[0027] In one embodiment, the processor unit is arranged such that, in use, the determining of the filter coefficients for each filter stage from an associated group of sample points out of the first plurality of sample points includes, for each associated group of sample points out of the first plurality of sample points, applying a transform matrix to determine the filter coefficients of the associated filter stage.

[0028] Preferably, the processor unit is arranged such that, in use, for at least some of the associated groups of sample points the same transformation matrix is applied to determine the filter coefficients of the respective associated filter stages.

[0029] Advantageously, the processor unit is arranged, in use, to base the transformation matrices on a substantially inverse filter response characteristic analysis of the individual filter taps of the respective filter stages.

[0030] In accordance with a third aspect of the present invention, there is provided a data storage medium having stored thereon computer readable data for instructing a computer to execute a method as defined in the first aspect.

[0031] Preferred embodiments of the present invention will now be described, by way of example only, with reference to the accompanying drawings.

[0032]FIG. 1 shows a schematic drawing illustrating a multirate digital filter configuration.

[0033] FIGS. **2**A through FIG. 2E are graphs illustrating a method of determining filter coefficients for filter stages in a multirate digital filter embodying the present invention.

[0034]FIG. 3 is a schematic drawing illustrating the determination of filter coefficients for filter stages of a multi-stage digital filter device embodying the present invention.

[0035]FIG. 4 is a schematic drawing illustrating an analysis of individual filter responses of taps from different filter stages of a multi-rate digital filter device embodying the present invention.

[0036]FIG. 5 is graph illustrating a set of multiple impulse responses, corresponding to the various taps of the FIR filters within the multi-rate filter.

[0037]FIG. 6 is a graph illustrating a set of multiple frequency responses, corresponding to each stage of the multi-rate filter.

[0038]FIG. 7 is a graph illustrating a sampled, desired frequency response on a logarithmic frequency scale, embodying the present invention.

[0039]FIG. 8 is a graph illustrating prototype filter response functions used in an embodiment of the present invention.

[0040]FIG. 9 is a graph illustrating the use of the prototype filter responses in building the composite desired frequency response.

[0041]FIG. 10 is a graph illustrating an example impulse response, on a logarithmic time scale.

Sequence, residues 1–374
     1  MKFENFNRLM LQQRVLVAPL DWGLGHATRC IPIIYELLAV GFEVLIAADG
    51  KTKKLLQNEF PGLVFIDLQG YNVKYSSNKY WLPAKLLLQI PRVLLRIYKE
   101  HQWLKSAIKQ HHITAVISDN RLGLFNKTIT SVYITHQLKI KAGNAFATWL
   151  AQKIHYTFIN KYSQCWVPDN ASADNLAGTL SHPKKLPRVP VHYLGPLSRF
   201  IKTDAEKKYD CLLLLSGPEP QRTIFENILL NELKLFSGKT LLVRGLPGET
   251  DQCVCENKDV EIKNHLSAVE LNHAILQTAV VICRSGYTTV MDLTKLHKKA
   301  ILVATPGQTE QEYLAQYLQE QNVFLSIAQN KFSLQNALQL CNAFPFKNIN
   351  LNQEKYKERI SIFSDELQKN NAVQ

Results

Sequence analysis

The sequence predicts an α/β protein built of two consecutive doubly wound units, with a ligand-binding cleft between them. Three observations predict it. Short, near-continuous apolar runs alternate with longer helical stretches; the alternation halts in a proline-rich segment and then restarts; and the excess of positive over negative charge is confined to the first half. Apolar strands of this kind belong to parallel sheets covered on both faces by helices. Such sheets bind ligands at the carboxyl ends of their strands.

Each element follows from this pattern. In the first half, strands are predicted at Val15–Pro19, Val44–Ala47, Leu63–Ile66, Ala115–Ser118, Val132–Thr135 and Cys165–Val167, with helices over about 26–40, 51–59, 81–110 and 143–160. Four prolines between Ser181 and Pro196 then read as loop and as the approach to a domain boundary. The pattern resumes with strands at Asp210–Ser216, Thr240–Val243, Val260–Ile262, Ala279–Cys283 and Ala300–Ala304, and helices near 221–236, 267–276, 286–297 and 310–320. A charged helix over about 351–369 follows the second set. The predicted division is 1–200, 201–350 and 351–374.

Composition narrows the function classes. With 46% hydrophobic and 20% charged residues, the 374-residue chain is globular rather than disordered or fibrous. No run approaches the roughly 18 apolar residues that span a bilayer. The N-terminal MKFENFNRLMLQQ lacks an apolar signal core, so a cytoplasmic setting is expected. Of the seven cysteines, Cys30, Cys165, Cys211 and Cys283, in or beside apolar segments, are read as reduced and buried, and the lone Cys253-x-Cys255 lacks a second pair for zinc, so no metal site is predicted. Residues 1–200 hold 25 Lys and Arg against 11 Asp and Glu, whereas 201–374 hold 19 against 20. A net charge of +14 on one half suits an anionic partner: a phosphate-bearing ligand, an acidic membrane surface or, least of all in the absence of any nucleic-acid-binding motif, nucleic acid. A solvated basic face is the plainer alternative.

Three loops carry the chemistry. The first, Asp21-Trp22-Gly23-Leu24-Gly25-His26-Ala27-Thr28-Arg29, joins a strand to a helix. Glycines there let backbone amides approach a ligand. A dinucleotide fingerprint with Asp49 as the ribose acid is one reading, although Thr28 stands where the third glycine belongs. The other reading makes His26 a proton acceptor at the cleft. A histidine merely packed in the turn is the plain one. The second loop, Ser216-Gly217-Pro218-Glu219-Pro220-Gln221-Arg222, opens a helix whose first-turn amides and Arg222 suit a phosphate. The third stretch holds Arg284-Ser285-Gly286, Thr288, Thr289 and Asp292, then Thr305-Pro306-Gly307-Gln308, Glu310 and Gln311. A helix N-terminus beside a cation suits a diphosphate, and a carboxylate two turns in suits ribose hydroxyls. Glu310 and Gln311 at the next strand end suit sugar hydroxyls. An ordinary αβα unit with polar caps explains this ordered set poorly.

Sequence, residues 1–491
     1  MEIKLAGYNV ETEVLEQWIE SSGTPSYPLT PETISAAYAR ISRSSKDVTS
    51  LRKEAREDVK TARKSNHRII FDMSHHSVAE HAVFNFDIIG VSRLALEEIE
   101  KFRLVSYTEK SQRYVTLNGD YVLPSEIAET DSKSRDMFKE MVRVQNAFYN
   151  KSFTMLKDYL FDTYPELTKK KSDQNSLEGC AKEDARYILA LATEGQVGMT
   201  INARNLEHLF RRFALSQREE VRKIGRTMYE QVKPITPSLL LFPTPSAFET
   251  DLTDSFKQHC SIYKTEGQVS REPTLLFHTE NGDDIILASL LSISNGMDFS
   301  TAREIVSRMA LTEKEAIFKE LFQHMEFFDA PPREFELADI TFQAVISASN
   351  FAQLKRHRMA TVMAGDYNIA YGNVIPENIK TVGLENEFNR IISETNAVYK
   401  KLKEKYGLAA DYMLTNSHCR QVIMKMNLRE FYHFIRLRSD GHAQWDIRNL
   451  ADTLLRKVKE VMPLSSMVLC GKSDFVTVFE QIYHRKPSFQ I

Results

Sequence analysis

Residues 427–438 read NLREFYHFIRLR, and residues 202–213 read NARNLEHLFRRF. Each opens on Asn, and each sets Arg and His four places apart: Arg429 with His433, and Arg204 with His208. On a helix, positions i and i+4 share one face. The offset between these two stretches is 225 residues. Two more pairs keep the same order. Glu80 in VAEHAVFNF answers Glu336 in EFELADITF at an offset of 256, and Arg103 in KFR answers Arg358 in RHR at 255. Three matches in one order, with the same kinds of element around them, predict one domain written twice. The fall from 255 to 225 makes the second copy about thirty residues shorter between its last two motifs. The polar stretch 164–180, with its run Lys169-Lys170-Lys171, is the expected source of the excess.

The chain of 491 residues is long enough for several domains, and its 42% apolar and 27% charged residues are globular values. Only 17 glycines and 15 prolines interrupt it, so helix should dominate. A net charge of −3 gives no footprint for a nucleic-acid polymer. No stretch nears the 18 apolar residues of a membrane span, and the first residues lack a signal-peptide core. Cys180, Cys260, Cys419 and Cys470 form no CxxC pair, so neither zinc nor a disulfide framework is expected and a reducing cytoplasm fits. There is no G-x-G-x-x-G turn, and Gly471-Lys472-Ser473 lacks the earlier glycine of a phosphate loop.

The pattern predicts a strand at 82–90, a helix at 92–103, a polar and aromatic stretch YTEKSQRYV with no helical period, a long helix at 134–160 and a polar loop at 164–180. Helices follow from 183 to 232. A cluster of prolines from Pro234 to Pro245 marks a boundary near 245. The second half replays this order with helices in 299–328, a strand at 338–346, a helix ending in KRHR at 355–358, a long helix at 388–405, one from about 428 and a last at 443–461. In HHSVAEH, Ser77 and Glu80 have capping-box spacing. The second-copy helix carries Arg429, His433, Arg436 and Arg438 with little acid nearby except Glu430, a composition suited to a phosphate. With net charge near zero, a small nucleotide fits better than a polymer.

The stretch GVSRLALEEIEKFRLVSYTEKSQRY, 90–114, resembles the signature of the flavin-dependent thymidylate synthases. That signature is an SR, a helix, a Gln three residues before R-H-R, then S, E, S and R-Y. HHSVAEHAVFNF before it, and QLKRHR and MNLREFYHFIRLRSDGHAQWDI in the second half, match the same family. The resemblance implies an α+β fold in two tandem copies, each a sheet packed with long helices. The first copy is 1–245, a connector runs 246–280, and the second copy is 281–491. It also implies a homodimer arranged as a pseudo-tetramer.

[0042]FIG. 2A through FIG. 2E illustrate a method of determining filter coefficients for filter stages in a multirate digital filter embodying the present invention.

[0043] The starting point in FIG. 2A is a desired response function **20**. In the example shown, the desired response function **20** is presented on a logarithmic frequency scale **22**. Sampling points, e.g. **24** are shown in FIG. 2A along the logarithmic frequency scale **22**. A person skilled in the art will understand that for this example, only the amplitude response is shown for the sake of simplicity, and that an actual response is complex valued. It will be also be appreciated by a person skilled in the art that the logarithmic-frequency-scale sampling points therefor have a geometrically increasing spacing or pitch when viewed on a linear frequency scale.

[0044] The logarithmic frequency scale samples, e.g. **22** are initially “transformed” into logarithmic time scale samples, e.g. **34** of representing the (impulse) response function **30** along a logarithmic time scale **32**, as illustrated in FIG. 2B. The transformation from a logarithmic frequency-scale desired response to a logarithmic time-scale response is described later.

[0045]FIG. 2C shows the impulse response function **30** when viewed on a linear time scale **42**, i.e., illustrating the geometrically increasing spacing of the sample points, e.g. **34** in the linear time scale.

[0046] In FIG. 2D, a representation of the sample points only, e.g. a sample point **34**, on the linear time scale **42** is shown.

[0047] It has been recognized by the applicant that the geometrically increasing spacing on the linear time scale of the samples, e.g. **34**, make this sampling well suited for determining filter coefficients of a multirate digital filter device having a multi-stage architecture. As illustrated in FIG. 2E, the time samples of different stages of the filter, e.g. sample sets **50**, **52**, **54** of constant time spacing taps in three corresponding consecutive stages of a multirate, multi-stage filter configuration, with increasing spacing between time samples of consecutive stages, has an “approximation” relation to the plurality of sample points of FIG. 2D.

[0048] In the following, a conversion process will be described by way of an example, to convert a time-domain filter response with equally spaced time samples on a logarithmic time scale, e.g., a response such as that shown in FIG. 2B, with its associated time-domain sample points, to the filter coefficients of a multirate digital filter that has a structure such as shown in FIG. 1, and that includes an embodiment of the present invention.